When Crossroads GPS announced last week it would spend $25 million on a wave of television advertisements slated to run over the next four weeks, the group's press release left one detail out of the mix – that its sister organization has begun placing its own $40 million advertising campaign for the final two months leading up to Election Day, an amount that dwarfs the summer blitz.
So far, American Crossroads has purchased more than $39.8 million in advertising across at least 10 states between Labor Day and Election Day. The inundation of advertising will come in states that are battlegrounds both in the White House race and the tussle over control of the U.S. Senate, according to sources watching the advertising market.
Between September 4 and November 5, American Crossroads has purchased more than $10 million in advertising in Florida; more than $7 million in Ohio; nearly as much in Virginia; more than $3 million in Colorado; $4 million in North Carolina; $3 million in Iowa; and more than $2 million each in New Hampshire and Nevada, the group will announce today.
Beyond the presidential figures, Crossroads GPS – the 501(c)(4) arm of American Crossroads, which does not have to disclose its donors – is spending $800,000 on advertising during the final two months before Election Day in North Dakota.
Most of the money looks geared toward the presidential contest. But there is ample evidence suggesting American Crossroads and Crossroads GPS are buying time to advertise in Senate contests. The groups use two separate vendors to purchase television time: One company also purchases advertising time for Restore Our Future, the super PAC backing presidential nominee Mitt Romney. To avoid improper coordination, buys that firm places are geared toward Senate contests instead of the presidential, according to sources in the advertising industry.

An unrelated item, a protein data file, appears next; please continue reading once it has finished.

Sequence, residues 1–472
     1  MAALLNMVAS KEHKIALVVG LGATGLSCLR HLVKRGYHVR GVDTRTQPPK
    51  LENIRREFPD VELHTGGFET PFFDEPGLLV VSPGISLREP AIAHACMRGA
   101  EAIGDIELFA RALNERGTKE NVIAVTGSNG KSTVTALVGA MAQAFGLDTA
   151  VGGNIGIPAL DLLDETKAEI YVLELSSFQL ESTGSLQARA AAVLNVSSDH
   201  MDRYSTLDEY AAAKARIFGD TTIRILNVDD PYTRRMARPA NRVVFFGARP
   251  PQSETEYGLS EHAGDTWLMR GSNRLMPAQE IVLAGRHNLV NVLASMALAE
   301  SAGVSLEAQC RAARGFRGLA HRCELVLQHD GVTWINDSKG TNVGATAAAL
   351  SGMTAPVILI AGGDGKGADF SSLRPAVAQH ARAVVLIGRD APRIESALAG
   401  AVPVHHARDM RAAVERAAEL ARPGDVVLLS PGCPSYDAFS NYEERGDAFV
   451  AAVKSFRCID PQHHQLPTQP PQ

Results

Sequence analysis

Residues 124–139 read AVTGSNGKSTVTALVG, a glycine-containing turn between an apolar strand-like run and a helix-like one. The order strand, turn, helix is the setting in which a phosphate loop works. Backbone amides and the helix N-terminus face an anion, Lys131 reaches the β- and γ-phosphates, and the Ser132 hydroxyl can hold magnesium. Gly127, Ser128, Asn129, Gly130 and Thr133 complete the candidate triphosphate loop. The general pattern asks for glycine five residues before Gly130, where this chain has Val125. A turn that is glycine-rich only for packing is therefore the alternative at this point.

North Dakota is the most obvious example of an ad buy aimed at influencing a Senate race. The state is not competitive at the presidential level, but it does feature a tight race between Rep. Rick Berg (R) and former state Attorney General Heidi Heitkamp (D). The $800,000 ad buy runs from September through the first three weeks of October, according to two sources.
The sources believe advertising flights placed in Ohio and Florida will also go toward Republican efforts to win back the Senate. Sens. Bill Nelson (D-Fla.) and Sherrod Brown (D-Ohio) are both running ahead of their Republican challengers, but not by comfortable margins.
Crossroads has purchased another $74,000 for a week of advertising beginning July 27 in El Paso, Texas, a buy sources believe is aimed at the race for retiring Sen. Jeff Bingaman's seat in New Mexico. Republican Strategist Karl Rove, one of Crossroads' founders, has long been a supporter of former Rep. Heather Wilson, the Republican nominee in New Mexico.
The new buys began landing on Friday, the same day Crossroads GPS announced a $25 million ad blitz over the course of this month hammering President Obama on the economy. Those ads begin tomorrow and will run through the first week of August.
To date, Crossroads GPS has already aired more than $22 million in advertisements aimed at the presidential election. The 501(c)(4) and the super PAC have also spent several million dollars on smaller ad flights targeting Democratic Senate candidates in Nebraska, Virginia, Ohio, Nevada, Missouri and North Dakota.
Combined with the buys this month and for the fall, that means the group has already paid for more than $90 million in television advertising. That's nearly one-third of the $300 million Crossroads strategists have said they will raise between their two wings.